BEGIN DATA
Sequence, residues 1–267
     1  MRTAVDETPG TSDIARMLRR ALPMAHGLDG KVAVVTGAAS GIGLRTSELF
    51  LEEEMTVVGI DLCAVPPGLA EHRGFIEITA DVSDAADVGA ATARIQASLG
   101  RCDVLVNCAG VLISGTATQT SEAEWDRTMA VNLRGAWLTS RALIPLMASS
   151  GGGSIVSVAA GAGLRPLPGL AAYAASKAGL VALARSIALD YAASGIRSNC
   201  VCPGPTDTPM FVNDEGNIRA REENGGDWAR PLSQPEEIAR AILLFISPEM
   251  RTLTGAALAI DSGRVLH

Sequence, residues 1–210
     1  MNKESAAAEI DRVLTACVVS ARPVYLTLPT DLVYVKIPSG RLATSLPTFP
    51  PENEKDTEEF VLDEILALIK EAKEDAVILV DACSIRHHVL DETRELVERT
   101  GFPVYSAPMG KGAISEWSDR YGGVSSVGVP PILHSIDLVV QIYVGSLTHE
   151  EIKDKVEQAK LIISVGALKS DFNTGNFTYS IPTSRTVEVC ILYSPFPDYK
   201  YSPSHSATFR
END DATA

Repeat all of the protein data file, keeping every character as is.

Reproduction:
Sequence, residues 1–267
     1  MRTAVDETPG TSDIARMLRR ALPMAHGLDG KVAVVTGAAS GIGLRTSELF
    51  LEEEMTVVGI DLCAVPPGLA EHRGFIEITA DVSDAADVGA ATARIQASLG
   101  RCDVLVNCAG VLISGTATQT SEAEWDRTMA VNLRGAWLTS RALIPLMASS
   151  GGGSIVSVAA GAGLRPLPGL AAYAASKAGL VALARSIALD YAASGIRSNC
   201  VCPGPTDTPM FVNDEGNIRA REENGGDWAR PLSQPEEIAR AILLFISPEM
   251  RTLTGAALAI DSGRVLH

Sequence, residues 1–210
     1  MNKESAAAEI DRVLTACVVS ARPVYLTLPT DLVYVKIPSG RLATSLPTFP
    51  PENEKDTEEF VLDEILALIK EAKEDAVILV DACSIRHHVL DETRELVERT
   101  GFPVYSAPMG KGAISEWSDR YGGVSSVGVP PILHSIDLVV QIYVGSLTHE
   151  EIKDKVEQAK LIISVGALKS DFNTGNFTYS IPTSRTVEVC ILYSPFPDYK
   201  YSPSHSATFR